A recent study published in npj Primary Care Respiratory Medicine indicated that although vaping increases airway resistance, it does not impact lung function.
In recent years, electronic cigarette use (or vaping)––which was regarded as a safer alternative to traditional cigarettes––has had a huge impact on the tobacco industry. However, evidence depicts the harmful effects of vaping on the respiratory system.
In e-cigarettes, nicotine combustion is replaced by the electronic heating of a liquid. Some manufacturers claim that e-cigarettes have fewer adverse effects on the respiratory system than smoking tobacco.
E-cigarettes have been tried as an alternative to smoking tobacco for addiction treatment – as an aid to quitting tobacco smoking. Previously believed to be less hazardous to health than traditional cigarettes, the negative impact of vaping on the lungs is now common knowledge.
The emergence of E-Cigarette and Vaping-Associated Lung Illness (EVALI) has raised concerns about the short-term respiratory effects of vaping, particularly when cannabis or tetrahydrocannabinol (THC)-containing products are used in e-cigarettes. Considering this evidence, the safety of e-cigarette use and its efficacy remain disputed. Therefore, an extensive study was undertaken to investigate the effects of vaping on lung function.
This systematic review entailed a comprehensive analysis of how vaping affects pulmonary function. The goal of this review was to obtain information regarding the short-term effects of vaping and Vaping-Associated Lung Illness (EVALI) – to determine the safety of vaping on short- and long-term use.
A study protocol was prepared and recorded in the PROSPERO database of systematic reviews. The systematic review was conducted based on the Preferred Reporting Items for Systematic Reviews and Meta-Analyses (PRISMA) recommendations.
Using Ovid, Cochrane, Web of Science Core, and the CENTRAL database, the researchers searched EMBASE, PsycINFO, and MEDLINE from 2004-2021 – to identify 8,856 potentially relevant studies.
Overall, 273 participants were included in the eight selected studies. Seven studies examined the immediate effects of vaping, while only one examined the long-term impact.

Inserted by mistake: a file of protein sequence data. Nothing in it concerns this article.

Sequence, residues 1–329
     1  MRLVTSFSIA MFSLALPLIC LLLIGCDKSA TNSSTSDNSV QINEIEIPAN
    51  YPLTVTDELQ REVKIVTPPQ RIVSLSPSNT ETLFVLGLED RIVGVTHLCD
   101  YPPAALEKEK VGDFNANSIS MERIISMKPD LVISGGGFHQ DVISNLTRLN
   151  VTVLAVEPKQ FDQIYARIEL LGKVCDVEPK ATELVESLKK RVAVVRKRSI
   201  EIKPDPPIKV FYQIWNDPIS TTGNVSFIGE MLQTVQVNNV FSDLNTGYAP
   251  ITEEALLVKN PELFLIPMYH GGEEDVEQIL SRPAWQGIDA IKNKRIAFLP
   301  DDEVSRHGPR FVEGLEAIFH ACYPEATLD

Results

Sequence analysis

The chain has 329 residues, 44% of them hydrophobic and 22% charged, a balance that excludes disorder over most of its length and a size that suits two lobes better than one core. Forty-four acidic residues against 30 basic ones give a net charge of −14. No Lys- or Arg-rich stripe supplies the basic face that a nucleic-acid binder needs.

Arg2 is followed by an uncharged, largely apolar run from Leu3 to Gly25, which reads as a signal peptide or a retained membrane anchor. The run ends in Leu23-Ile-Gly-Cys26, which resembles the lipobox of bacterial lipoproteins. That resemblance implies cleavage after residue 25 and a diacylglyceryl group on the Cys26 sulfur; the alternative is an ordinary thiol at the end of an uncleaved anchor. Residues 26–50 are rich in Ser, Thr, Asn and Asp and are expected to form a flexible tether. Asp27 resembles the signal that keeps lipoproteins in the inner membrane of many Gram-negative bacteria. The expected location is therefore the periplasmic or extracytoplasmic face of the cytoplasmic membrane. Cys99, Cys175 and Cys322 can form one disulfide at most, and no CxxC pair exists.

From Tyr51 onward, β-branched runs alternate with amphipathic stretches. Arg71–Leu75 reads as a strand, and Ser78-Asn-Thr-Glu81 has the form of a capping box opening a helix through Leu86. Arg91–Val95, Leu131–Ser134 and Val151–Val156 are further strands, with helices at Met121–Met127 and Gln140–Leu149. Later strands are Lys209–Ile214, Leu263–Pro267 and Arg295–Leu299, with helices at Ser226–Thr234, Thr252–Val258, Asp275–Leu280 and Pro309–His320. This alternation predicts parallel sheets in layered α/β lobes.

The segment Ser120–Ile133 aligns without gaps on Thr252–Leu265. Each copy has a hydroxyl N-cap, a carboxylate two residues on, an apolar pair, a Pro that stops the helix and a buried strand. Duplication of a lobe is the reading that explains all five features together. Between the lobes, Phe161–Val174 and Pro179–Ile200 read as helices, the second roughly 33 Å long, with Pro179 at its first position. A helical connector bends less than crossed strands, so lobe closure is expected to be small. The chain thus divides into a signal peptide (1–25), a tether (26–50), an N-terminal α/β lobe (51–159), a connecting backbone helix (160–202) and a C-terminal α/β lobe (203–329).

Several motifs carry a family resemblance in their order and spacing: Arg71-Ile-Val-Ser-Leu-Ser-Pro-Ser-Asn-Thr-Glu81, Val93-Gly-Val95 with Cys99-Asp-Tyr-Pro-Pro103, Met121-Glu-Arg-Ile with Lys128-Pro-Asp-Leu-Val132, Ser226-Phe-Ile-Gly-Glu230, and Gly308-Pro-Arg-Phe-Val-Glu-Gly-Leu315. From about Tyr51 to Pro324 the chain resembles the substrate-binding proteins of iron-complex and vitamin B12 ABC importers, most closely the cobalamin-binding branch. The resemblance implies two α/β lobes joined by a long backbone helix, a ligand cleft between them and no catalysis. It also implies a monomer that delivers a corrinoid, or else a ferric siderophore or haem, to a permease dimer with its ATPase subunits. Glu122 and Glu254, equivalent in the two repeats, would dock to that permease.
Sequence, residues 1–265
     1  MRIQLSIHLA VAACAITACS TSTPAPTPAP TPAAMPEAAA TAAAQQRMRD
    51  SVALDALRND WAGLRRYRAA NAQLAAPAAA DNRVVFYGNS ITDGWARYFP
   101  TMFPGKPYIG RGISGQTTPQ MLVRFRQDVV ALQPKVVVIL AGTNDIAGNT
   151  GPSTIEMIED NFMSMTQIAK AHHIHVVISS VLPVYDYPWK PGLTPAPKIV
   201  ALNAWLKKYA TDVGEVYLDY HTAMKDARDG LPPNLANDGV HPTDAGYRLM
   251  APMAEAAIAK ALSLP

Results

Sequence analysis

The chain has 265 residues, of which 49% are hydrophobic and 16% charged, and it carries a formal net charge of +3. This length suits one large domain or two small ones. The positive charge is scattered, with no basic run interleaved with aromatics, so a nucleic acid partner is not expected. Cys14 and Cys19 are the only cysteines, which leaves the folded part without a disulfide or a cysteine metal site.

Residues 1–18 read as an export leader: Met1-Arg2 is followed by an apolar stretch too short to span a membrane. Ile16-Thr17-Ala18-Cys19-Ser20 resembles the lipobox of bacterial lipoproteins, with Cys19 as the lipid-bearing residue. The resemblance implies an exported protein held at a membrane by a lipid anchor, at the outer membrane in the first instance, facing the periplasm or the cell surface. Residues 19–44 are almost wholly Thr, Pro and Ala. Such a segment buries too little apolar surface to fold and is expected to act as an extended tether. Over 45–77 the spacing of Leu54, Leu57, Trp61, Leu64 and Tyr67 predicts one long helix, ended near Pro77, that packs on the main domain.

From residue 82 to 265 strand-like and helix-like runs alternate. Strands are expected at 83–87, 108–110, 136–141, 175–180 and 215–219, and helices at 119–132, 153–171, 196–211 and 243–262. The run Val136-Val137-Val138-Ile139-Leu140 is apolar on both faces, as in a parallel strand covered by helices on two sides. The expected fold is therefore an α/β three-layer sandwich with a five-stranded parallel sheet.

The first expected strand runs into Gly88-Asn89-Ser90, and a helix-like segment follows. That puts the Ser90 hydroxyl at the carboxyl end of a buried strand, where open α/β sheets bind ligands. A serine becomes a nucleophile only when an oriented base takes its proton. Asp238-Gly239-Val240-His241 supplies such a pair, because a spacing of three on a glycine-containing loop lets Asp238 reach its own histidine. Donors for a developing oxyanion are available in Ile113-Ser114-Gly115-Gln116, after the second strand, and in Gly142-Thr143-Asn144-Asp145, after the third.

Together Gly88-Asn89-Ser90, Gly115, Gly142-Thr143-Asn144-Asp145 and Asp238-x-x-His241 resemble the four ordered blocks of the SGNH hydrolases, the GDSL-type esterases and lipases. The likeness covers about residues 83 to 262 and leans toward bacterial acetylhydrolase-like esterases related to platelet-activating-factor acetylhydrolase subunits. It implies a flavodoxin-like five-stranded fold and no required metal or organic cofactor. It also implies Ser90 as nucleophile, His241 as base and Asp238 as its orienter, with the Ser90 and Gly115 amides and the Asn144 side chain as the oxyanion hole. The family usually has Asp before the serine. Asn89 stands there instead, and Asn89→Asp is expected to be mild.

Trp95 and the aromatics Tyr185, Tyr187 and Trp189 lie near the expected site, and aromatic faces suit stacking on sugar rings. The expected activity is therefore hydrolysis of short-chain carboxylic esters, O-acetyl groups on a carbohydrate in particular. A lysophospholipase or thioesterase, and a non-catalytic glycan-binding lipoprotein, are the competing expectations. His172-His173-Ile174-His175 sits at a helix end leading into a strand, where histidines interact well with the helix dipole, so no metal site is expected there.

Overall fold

According to the literature review, only eight small-scale studies addressed this topic; among these, one study examined the long-span outcomes (3.5 years). These studies revealed that vaping was not associated with any acute health-related changes.
On the other hand, two studies disclosed that e-cigarettes might accentuate airway resistance and conductance across diverse demographic subgroups. Due to the limited number of studies available on this topic and because most focus on the acute effects of vaping, these findings are suggestive but not conclusive, and further research is necessary.
There were a few other limitations to the interpretability of the results – three of the included studies had an unknown risk of bias, four had a moderate risk of bias, and one had a high bias risk.
Additionally, due to the data heterogeneity, this review did not undertake subgroup analyses or a meta-analysis. This search incorporated only a small number of studies owing to the differences amongst study designs, definitions of e-cigarettes, and the participants’ smoking status.
According to some studies, the term "non-vapers" includes both traditional smokers and non-smokers – this led to inconsistent data and non-differentiation of the participants based on their conventional smoking status.
The results depicted no effect of vaping on the forced expiratory volume in one second (FEV1), forced vital capacity (FVC), and the FEV1/FVC ratio.
Some studies also employed a mock vaping session in which either an e-cigarette without e-liquid or second-hand smoke was used. Of note, most of the studies were conducted on smokers alone, without a comparison group of nonsmokers.
It would be beneficial to conduct future research on subgroups based on the level of smoking or vaping to enable a more accurate quantitative analysis.